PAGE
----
Our town always designates the Sunday nearest Halloween for trick-or-treating. So it happened that last Sunday, I rushed home after the 12:15 Mass to prepare for the multitude of trick-or-treaters who would soon greet me at my door. I arrived just in time to reward the first of them with candy. As the afternoon wore on, I gave up the possibility of getting anything done and retreated to my favorite easy chair between trips to the door. In the midst of one such reprieve, my thoughts turned to Halloween Past. I wondered if any of today’s children take this particular day as seriously as I did so long ago…
I can still recall Eddie’s beaming face the year Sister Mary Carmelice determined that ours would be the best Eve of All Hallows Party in the school. Sister took the public’s lack of attention to All Saints Day personally, and she decided to do something about it. She knew that we all need heroes to imitate and that the pool of saints provides the perfect place to find one. When Sister announced her plans for a truly “heavenly feast” made up of all the goodies we could convince our mothers -or dads- to supply, she convinced us that saintly costumes were a small price to pay for all of the fun and food we would enjoy. Sister’s sweet tooth and her love of parties ran a very close second to our own. I think my classmates and I spent far less time on our costumes than we did begging our parents to provide goodies for our classroom feast.
When Halloween arrived, our class boasted the Virgin Mary, Saint Joseph, Saint Patrick, and a variety of apostles and other popular patrons. Sister’s face glowed until my friend Eddie arrived. I could not believe that he had forgotten to dress as a saint. Sister had been very clear for the past three weeks regarding just how special the saints are. In spite of her effort, Eddie wore a crisp white shirt and a tie, both of which lost themselves under a very large suit coat. Eddie’s eyes hid under a handsome hat that must have belonged to his dad. From the frown on Sister’s face, I knew Eddie was in big trouble.
Sister took Eddie into the hall for a little talk. Though is seemed an hour to me, a few minutes later, a smile had replaced Sister’s frown when she and Eddie returned. Sister called us all together because she wanted to share some very big news. Eddie sported a huge grin as Sister announced to the class that Eddie deserved an “A” in catechism on his next report card. Our wide-eyed amazement must have amused her as Sister went on to explain that Eddie’s costume represented his very clear understanding of sainthood.
Eddie explained that his mother often observed that his dad had to be a saint. After all, he put up with Eddie and all of his sisters and brothers. He went to work every day to make enough money to feed and clothe them. As tired as he was when he came home each night, Eddie’s dad always helped Eddie’s mom with dinner. After dinner, Eddie’s dad patiently assisted with homework, and he always asked how things had gone that day. When his dad helped at bedtime, Eddie reported that his mother often said, “Honey, you’re a saint.” Being the good boy that he was, Eddie listened to his mother. Though his status was still “saint-in-the-making,” the saint Eddie chose to portray was his dad.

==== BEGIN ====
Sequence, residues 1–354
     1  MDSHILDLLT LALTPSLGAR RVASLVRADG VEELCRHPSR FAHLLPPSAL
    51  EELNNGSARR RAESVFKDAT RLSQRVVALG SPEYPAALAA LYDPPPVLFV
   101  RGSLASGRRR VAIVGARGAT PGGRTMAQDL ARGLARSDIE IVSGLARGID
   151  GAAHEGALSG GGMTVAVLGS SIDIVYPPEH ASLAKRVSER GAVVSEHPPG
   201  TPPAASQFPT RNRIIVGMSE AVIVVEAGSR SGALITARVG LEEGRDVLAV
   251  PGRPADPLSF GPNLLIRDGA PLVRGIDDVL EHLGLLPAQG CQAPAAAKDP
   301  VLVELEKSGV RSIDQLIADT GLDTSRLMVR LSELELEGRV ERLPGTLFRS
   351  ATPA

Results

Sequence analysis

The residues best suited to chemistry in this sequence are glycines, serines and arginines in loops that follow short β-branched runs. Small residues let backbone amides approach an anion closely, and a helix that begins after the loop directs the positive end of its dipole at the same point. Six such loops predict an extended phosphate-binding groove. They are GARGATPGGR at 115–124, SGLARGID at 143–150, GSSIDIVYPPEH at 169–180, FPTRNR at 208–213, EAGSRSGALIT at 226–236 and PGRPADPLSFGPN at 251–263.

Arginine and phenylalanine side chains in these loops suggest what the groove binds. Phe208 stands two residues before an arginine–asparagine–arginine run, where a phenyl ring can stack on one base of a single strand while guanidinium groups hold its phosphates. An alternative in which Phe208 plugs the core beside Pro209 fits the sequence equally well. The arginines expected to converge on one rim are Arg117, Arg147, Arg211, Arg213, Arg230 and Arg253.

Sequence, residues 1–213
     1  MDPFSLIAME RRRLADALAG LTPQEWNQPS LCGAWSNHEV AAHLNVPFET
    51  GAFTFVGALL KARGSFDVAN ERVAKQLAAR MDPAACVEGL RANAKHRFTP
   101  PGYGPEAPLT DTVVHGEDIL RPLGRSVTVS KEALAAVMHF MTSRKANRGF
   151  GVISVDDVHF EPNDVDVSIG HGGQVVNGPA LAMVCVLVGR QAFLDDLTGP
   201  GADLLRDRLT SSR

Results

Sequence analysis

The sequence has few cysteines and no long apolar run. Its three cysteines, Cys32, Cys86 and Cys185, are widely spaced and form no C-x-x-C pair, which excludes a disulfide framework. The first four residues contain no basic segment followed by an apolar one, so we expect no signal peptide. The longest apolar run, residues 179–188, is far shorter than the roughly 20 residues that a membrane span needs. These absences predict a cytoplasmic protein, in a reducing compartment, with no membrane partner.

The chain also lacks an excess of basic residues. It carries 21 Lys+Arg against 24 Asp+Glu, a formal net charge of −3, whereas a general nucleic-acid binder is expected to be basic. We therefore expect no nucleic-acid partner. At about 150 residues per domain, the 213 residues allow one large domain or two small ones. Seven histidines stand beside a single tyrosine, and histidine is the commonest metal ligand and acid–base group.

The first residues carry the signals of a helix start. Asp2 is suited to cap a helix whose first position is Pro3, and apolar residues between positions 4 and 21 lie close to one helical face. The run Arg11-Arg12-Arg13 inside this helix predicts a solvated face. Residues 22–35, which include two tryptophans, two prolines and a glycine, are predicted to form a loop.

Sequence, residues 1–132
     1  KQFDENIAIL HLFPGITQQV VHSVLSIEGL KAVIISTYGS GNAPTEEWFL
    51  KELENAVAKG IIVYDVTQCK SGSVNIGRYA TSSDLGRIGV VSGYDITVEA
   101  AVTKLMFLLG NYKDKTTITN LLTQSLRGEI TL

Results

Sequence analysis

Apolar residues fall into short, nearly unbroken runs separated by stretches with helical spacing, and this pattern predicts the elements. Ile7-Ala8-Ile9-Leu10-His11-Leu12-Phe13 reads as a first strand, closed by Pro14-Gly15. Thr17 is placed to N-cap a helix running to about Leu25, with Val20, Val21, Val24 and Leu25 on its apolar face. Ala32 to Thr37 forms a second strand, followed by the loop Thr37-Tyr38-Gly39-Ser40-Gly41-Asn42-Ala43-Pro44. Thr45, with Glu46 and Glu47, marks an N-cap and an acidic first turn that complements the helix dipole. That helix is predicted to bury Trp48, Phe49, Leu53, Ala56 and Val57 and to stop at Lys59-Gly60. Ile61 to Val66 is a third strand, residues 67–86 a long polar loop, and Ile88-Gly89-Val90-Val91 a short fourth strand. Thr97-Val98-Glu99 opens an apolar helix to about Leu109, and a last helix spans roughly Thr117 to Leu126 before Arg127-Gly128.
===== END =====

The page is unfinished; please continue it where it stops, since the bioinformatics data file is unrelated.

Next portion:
As I share this memory, it occurs to me that the children among us are as astute as Eddie in recognizing goodness. Though they may not label the adults around them as saints, they determine who is and who is not a good example with uncanny precision. Eddie’s and our own children’s observations relate closely to the scriptures.
In Deuteronomy (6:2-6), Moses calls the people to “Fear the Lord, your God, and keep, throughout the days of your lives, all his statutes and commandments which I enjoin on you, and thus have long life.” Moses realizes that God’s laws provide the basis for lasting relationships. God seeks friendship with each one of us, and God rejoices in the potential for lasting friendships among us.
Hebrews (7:23-28) reminds us that Jesus is always at our sides. Jesus continues to work to maintain a relationship between God and his people. How often Eddie’s father and we parents turn to Jesus for the strength to persist in loving our families well!
In the gospel (Mark 12:28-34), Jesus teaches the greatest commandments, “You shall love the Lord your God with all your heart, with all your soul, with all your mind, and with all your strength. The second is this: You shall love your neighbor as yourself.” Eddie’s dad kept those rules through a very ordinary life lived with love. Today, the scriptures invite you and me to do the same.
©2012 Mary Penich – All Rights Reserved